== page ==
The permissiveness of Republican leaders who acquiesce to violence, collusion, and corruption is encouraging more of the same.
In the annals of the Trump era, May 25, 2017, will deserve a special mark. Four remarkable things happened on Thursday, each of which marks a way that this presidency is changing the nation.
The first remarkable thing was President Trump’s speech at the NATO summit in Brussels. Many European governments had hoped—which is a polite way to say that they had suggested and expected—that Trump would reaffirm the American commitment to defend NATO members if attacked. This is the point of the whole enterprise after all! Here’s how it was done by President Obama at the NATO summit after the Russian invasion of Crimea:
First and foremost, we have reaffirmed the central mission of the Alliance. Article 5 enshrines our solemn duty to each other—“an armed attack against one … shall be considered an attack against them all.” This is a binding, treaty obligation. It is non-negotiable. And here in Wales, we’ve left absolutely no doubt—we will defend every Ally.
She lived with us for 56 years. She raised me and my siblings without pay. I was 11, a typical American kid, before I realized who she was.
The ashes filled a black plastic box about the size of a toaster. It weighed three and a half pounds. I put it in a canvas tote bag and packed it in my suitcase this past July for the transpacific flight to Manila. From there I would travel by car to a rural village. When I arrived, I would hand over all that was left of the woman who had spent 56 years as a slave in my family’s household.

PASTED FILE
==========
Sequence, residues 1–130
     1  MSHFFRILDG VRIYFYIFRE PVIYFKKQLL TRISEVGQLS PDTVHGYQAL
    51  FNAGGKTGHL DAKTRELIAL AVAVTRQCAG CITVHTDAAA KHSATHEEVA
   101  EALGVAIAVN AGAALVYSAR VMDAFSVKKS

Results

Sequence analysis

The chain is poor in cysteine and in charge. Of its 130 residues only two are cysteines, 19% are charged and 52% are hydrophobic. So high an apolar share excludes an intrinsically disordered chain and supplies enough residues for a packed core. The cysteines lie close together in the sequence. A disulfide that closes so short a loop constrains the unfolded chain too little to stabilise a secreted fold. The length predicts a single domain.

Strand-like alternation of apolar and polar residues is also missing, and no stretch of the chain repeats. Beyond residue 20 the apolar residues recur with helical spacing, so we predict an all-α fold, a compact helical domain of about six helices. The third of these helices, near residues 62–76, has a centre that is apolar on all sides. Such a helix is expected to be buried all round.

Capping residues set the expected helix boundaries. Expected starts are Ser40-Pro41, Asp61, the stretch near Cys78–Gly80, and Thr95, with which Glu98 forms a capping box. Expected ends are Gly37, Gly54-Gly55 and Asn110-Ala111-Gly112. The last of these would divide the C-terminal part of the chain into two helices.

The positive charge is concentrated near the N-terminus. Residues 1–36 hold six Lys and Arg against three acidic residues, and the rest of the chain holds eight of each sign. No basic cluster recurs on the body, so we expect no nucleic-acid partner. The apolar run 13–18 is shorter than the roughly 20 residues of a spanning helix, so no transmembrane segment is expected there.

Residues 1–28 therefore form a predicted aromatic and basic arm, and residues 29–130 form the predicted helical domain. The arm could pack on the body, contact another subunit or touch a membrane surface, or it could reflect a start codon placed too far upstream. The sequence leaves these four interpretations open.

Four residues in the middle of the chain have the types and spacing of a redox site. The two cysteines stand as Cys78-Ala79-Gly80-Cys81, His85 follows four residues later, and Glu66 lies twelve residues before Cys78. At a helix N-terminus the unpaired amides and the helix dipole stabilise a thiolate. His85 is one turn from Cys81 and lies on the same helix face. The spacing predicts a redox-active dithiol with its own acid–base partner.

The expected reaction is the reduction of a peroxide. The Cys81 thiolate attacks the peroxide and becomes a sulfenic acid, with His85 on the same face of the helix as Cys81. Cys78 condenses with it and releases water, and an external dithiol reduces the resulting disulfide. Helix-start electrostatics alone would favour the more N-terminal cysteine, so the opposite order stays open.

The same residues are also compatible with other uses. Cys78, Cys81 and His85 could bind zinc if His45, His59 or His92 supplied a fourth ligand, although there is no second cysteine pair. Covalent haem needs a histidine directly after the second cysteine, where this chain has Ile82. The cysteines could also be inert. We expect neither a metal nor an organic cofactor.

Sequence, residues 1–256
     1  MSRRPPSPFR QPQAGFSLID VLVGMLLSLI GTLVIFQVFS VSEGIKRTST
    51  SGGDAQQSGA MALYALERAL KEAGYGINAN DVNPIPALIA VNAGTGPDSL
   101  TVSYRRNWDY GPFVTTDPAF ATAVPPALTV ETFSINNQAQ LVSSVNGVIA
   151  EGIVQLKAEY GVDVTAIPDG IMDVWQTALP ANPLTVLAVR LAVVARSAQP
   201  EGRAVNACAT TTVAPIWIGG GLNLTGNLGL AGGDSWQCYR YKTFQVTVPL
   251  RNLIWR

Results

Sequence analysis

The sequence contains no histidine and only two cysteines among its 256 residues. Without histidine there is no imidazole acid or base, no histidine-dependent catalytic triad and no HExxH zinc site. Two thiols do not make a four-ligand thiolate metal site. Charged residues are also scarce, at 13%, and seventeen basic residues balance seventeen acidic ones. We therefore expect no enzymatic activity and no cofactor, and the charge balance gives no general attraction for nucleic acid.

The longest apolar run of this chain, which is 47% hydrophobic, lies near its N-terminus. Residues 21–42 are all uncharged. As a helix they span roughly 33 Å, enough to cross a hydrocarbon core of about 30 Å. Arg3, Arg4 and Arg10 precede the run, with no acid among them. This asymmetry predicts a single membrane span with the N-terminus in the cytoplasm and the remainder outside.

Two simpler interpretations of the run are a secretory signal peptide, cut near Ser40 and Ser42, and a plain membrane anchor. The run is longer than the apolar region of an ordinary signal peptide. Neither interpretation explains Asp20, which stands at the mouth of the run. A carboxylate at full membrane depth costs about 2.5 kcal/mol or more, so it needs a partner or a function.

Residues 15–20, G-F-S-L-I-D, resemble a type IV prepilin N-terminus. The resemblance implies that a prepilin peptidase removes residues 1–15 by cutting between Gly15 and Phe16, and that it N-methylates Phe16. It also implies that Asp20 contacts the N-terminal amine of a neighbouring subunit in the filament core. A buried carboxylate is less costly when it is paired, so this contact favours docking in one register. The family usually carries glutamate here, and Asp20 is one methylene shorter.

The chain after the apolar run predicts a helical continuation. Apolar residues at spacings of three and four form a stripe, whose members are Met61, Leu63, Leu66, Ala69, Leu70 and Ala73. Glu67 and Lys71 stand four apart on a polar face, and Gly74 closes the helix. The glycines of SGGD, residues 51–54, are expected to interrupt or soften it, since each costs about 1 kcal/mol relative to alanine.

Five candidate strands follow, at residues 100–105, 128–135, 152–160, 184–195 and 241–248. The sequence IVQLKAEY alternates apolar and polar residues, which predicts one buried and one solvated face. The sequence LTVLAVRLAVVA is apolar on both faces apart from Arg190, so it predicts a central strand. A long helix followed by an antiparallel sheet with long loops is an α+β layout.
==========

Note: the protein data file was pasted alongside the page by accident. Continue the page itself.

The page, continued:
The Washington Post reports that the president’s son-in-law suggested using Russian diplomatic facilities to create a secret channel to Moscow.
Jared Kushner, a senior adviser to President Trump and his son-in-law, suggested to Russian Ambassador Sergei Kislyak that he be allowed to use Russian diplomatic facilities to communicate securely with Moscow, The Washington Postreported on Friday.
The request reportedly came in a meeting in Trump Tower at the beginning of December that included Kushner, Kislyak, and former National-Security Adviser Michael Flynn. It came to the attention of American officials through intercepts of Russian communications in which Kislyak relayed the request to his superiors in Moscow; the officials who spoke to the Post specified that they were not monitoring either the meeting or the communications of the Americans who were present.
The condition has long been considered untreatable. Experts can spot it in a child as young as 3 or 4. But a new clinical approach offers hope.
This is a good day, Samantha tells me: 10 on a scale of 10. We’re sitting in a conference room at the San Marcos Treatment Center, just south of Austin, Texas, a space that has witnessed countless difficult conversations between troubled children, their worried parents, and clinical therapists. But today promises unalloyed joy. Samantha’s mother is visiting from Idaho, as she does every six weeks, which means lunch off campus and an excursion to Target. The girl needs supplies: new jeans, yoga pants, nail polish.